Today’s sky::: overcast, grey. Generally miserable. Meh!

If you’ve enjoyed this post, please do sign-up to my newsletter to have updates and news sent to your inbox. And to see my patterns check out my Etsy shop here.

#QuiltingTheory – The Lingo

Hello! And welcome to the first post in the #QuiltingTheory series! Today, we are going to start with all the different quilting definitions, abbreviations and acronyms – or the lingo, if you’d rather! – that is commonly used.

Before we start though, I would like to cover off something that I found really confusing when I started this journey – What is a quilter?! Strictly speaking, patchwork is the cutting up of fabric and stitching it back together again to make lovely patterns. Quilting is the process of placing a number of fabric layers together and stitching through them, often sewing a decorative pattern in the process. Over time, these terms have become interchangeable and Quilter has become shorthand for someone who does either patchwork or quilting. This can encompass quilts, cushions, pouches and other accessories. Once I started quilting I found lots of different projects I could add patchwork too!

#QuiltingTheory - learn everything you need to know to begin quilting and grow your skills, starting with The Lingo by fabricandflowers | Sonia Spence

Now, I confess that this is a long post. I figured it would be beneficial to keep all of the definitions together. To make it easier to navigate, I have split the quilting lingo into broad categories – you can click on the titles below to jump straight to a section – but you may still want to pin this for future reference!

  • Seams: seam allowance definitions.
  • Fabric / Materials: explaining fabric and the different cuts.
  • Tools: a brief explanation of the main quilting tools.
  • Techniques: a summary of the different ways a quilt can be put together.
  • Quilting: the different ways a quilt can be finished.
  • Others: key words that didn’t fit in to any of the other categories!

So, now that we’ve sorted that out, shall we begin?!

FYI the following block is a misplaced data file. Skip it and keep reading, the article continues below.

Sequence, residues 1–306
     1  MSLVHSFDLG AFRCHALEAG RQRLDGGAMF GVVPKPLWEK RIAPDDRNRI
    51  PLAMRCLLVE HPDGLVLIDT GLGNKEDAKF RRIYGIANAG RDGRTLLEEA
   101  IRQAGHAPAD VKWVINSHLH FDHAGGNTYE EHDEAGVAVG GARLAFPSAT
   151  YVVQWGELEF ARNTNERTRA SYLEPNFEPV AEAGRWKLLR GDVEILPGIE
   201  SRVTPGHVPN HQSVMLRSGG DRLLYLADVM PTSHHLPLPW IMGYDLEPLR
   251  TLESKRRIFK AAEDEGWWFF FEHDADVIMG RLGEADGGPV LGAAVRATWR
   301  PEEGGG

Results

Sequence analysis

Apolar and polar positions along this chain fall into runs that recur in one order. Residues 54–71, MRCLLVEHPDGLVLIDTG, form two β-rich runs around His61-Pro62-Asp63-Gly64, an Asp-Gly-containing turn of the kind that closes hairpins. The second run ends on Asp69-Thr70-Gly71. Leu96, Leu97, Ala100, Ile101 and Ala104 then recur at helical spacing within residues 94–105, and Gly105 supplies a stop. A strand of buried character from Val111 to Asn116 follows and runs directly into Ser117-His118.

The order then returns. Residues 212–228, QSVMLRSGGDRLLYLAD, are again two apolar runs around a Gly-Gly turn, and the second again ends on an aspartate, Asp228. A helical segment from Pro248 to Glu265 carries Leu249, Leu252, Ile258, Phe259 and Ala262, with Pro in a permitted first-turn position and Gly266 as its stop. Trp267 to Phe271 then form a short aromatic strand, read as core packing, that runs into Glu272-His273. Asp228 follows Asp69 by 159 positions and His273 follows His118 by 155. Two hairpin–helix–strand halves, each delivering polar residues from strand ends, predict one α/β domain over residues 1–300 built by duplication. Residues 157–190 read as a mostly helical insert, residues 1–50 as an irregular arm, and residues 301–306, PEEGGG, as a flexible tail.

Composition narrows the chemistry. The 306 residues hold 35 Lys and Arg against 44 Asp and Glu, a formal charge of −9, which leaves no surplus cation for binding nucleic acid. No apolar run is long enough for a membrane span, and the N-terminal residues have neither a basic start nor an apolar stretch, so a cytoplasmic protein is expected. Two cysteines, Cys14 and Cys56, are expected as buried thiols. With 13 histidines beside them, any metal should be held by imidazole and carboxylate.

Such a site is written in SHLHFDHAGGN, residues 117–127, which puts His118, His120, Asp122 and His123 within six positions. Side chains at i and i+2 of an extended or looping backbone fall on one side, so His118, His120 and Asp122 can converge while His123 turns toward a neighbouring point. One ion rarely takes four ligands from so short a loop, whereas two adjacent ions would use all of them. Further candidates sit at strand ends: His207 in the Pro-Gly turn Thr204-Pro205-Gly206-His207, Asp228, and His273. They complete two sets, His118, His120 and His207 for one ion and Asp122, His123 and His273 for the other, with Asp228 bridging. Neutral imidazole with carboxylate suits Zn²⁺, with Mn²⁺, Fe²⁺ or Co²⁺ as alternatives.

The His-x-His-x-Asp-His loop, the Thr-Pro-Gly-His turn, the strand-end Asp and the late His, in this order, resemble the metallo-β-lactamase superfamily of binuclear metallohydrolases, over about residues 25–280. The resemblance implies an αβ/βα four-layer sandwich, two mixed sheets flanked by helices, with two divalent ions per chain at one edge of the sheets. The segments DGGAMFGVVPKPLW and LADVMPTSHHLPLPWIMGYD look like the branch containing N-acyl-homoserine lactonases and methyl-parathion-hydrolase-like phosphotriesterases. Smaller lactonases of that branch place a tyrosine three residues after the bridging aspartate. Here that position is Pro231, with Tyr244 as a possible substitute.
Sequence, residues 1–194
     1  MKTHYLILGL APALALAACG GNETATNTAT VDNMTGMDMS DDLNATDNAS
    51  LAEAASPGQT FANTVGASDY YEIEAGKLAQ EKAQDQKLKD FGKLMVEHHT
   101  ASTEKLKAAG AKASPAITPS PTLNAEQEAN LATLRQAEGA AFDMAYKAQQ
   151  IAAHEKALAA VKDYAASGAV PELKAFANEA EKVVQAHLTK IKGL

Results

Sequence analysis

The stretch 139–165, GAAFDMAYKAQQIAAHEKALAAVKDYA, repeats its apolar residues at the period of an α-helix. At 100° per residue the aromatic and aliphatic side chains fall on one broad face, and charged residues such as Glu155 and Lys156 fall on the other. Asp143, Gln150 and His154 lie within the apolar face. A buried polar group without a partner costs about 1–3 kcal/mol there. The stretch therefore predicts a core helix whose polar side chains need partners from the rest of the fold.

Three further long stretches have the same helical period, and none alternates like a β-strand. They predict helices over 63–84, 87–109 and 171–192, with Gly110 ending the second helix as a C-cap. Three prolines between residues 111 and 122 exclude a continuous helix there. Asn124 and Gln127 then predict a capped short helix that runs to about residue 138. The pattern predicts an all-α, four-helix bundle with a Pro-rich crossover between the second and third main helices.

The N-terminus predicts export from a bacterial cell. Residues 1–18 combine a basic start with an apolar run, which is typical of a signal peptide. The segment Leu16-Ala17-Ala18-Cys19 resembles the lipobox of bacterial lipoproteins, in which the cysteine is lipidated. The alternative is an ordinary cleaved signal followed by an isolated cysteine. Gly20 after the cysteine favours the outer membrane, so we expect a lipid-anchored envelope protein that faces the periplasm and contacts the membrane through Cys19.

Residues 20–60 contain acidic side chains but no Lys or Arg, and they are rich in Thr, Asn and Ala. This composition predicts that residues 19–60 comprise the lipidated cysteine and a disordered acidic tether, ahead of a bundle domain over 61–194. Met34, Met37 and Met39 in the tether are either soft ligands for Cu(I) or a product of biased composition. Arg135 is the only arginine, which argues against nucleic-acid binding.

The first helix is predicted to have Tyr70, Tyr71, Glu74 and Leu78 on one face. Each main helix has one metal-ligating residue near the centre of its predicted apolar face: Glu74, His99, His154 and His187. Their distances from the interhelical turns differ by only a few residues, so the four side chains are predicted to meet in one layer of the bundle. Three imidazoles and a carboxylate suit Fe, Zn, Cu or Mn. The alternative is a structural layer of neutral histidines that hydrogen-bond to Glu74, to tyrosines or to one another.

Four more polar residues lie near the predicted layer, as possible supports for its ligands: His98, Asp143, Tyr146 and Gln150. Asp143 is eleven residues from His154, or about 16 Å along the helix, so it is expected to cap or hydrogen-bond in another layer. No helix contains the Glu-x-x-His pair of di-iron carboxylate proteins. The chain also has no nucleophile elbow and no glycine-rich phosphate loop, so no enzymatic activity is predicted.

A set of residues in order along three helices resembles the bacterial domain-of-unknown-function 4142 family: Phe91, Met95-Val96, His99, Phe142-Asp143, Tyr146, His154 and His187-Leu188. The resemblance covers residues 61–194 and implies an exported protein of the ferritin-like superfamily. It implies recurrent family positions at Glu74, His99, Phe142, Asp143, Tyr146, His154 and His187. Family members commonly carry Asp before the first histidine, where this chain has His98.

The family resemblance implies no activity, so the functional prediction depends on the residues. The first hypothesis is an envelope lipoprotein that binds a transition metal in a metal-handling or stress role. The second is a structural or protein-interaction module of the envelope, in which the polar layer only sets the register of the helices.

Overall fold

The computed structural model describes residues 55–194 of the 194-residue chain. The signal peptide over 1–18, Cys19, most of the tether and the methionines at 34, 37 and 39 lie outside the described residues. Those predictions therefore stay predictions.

To find more detail on seams, including how to achieve the correct seam allowance, check out #QuiltingTheory Seam Allowance.

For this week though, we are looking at the most generally used terms;

#QuiltingTheory - learn everything you need to know to begin quilting and grow your skills by fabricandflowers | Sonia Spence
SA Seam AllowanceThe seam allowance is the distance that you sew from the edge of the fabric. For quilting, this is generally 1/4" unless otherwise specified in a pattern.
ScantA seam allowance that is just under a 1/4" seam allowance
Nest SeamsWhen sewing rows of blocks together, the seams for Row A are pressed to eg. The left, and the seams for Row B are pressed in the opposite direction eg. The right. When the rows are placed together for sewing the seams on each row sit - or nest - together neatly allowing for greater accuracy in joining them together (pictured).
Press SeamsTo press a seam, an iron is placed on top of the fabric seam and pressed down, before being moved to another section of the seam and repeating the action. Seams are not ironed in a traditional way to avoid stretching the fabric. In quilting, seams are either pressed open or to one side (normally the side with the darker fabric), depending on what is being sewn.

Fabric / Materials

This week we will look at the different fabric cuts that you can buy – for even more detail check out #QuiltingTheory Fabric here.

#QuiltingTheory - learn everything you need to know to begin quilting and grow your skills by fabricandflowers | Sonia Spence